On October 24th, 1975, 90% of women in Iceland left work, to demonstrate the importance of women‘s contribution to society. This day was popularly called „kvennafrí“, or Women‘s Day Off. In 1985, 25.000 women left their work again, to protest income inequality.
In 2005, Icelandic women celebrated Women‘s Day Off for the third time, and tens of thousands of women left work the minute they stopped getting paid, at 2:08 p.m. In 2010 women in Iceland again left work, this time at 2:25 p.m.
In 2016, Icelandic women left work at 14.38. This means that women have gained only half an hour in eleven years, which is less than three minutes per year. If the progress continues at the same pace, Icelandic women won’t reach equal pay until 2068.
- Gender Pay Gap: Icelandic Women Take a Stand. Vera Kern. Deutsche Welle, Germany. 2016.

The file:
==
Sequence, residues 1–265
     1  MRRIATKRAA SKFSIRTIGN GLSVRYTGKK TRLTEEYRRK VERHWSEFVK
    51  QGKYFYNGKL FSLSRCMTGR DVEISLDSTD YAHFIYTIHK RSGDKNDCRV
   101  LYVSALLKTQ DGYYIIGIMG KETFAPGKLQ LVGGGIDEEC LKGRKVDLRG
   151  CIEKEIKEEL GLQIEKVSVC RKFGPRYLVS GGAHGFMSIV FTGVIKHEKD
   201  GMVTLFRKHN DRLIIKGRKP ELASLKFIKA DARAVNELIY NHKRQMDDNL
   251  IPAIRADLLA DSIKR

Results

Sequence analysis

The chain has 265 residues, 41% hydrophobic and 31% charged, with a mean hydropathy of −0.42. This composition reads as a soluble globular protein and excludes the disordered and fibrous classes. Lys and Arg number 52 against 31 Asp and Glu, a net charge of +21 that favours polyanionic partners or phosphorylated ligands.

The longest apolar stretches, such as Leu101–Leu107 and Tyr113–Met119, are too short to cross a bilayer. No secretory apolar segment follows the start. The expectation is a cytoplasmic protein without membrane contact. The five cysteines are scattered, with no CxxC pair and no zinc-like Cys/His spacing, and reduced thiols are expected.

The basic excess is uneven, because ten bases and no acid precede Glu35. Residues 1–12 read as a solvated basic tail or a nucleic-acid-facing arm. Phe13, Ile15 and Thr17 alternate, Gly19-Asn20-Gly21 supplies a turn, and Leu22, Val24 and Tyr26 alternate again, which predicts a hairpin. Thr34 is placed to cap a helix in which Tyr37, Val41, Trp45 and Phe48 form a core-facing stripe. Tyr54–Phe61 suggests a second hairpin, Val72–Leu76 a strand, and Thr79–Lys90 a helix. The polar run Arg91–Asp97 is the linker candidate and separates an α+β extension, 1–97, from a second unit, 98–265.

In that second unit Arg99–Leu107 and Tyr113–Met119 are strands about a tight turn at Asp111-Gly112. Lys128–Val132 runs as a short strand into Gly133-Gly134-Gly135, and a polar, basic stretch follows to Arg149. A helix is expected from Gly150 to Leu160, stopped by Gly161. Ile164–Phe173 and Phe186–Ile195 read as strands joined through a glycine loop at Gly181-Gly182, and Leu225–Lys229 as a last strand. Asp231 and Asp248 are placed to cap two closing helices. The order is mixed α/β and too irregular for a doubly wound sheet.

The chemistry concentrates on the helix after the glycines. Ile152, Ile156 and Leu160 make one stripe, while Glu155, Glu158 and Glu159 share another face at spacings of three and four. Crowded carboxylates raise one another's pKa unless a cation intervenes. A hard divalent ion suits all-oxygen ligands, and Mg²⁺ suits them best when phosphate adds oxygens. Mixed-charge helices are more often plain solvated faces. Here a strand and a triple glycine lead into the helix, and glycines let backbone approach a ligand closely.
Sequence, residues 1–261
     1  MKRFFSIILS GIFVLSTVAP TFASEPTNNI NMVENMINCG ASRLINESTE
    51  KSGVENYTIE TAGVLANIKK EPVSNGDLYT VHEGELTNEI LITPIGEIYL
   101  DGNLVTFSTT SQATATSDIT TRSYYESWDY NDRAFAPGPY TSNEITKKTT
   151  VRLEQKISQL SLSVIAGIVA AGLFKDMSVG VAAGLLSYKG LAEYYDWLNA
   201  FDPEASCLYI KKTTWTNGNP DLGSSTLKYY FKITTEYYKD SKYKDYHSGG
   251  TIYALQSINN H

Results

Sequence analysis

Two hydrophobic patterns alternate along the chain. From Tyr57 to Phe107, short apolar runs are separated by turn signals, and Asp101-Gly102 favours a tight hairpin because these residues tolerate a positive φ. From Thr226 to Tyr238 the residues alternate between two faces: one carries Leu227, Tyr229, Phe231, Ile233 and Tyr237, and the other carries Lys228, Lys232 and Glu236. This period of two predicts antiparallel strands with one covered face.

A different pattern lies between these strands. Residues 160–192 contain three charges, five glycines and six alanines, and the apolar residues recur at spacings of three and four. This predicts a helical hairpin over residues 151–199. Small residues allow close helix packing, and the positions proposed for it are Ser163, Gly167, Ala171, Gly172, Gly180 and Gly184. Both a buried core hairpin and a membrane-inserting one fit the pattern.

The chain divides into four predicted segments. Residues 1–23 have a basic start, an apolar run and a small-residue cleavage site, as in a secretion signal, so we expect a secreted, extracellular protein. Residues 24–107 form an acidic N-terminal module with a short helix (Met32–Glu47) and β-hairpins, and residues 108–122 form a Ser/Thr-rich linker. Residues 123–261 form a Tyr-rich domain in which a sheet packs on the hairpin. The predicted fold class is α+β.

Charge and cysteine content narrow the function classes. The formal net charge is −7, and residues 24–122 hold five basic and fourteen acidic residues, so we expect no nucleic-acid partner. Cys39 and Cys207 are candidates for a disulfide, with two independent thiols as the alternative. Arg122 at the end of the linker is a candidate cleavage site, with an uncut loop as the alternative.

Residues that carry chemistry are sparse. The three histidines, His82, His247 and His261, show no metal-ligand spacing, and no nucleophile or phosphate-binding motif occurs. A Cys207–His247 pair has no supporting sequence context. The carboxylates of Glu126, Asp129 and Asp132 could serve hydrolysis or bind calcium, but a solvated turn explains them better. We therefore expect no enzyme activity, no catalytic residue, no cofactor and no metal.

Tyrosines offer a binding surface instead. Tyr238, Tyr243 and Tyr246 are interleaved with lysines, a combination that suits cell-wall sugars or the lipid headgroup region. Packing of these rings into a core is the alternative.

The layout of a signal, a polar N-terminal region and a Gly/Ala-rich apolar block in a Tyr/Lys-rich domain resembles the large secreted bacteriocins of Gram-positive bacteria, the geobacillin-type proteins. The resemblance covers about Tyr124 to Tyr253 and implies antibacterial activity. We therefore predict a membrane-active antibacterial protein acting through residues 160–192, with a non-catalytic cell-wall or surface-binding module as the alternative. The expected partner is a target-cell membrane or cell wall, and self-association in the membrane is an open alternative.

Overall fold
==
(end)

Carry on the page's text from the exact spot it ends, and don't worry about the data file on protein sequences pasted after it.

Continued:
- Iceland Women’s Leave Work at 2.38pm to Protest Gender Pay Gap. Charlotte England. The Independent, United Kingdom. 2016.
- The Iceland Women’s Strike, 1975. Libcom.org. 2016.
- Why Thousands of Women in Iceland Walked Off the Job at 2.38pm. Eric March. UpWorthy, New York. 2016.
- Income Equality Now! Women in Iceland Walk Out. #Kvennafrí 2016. Kvenréttindafélag Íslands. 2016.
A short film by Lea Ævarsdóttir depicting a mass demonstration for gender equality in Iceland in 2016.
- Women’s Day Off – Reykjavík 2010. Halla Kristín Einarsdóttir. 2010.
A short film by Halla Kristín Einarsdóttir depicting a mass demonstration for gender equality in Iceland in 2010.
- Women’s Strike 2016. Video from the Facebook Page of Mbl.is.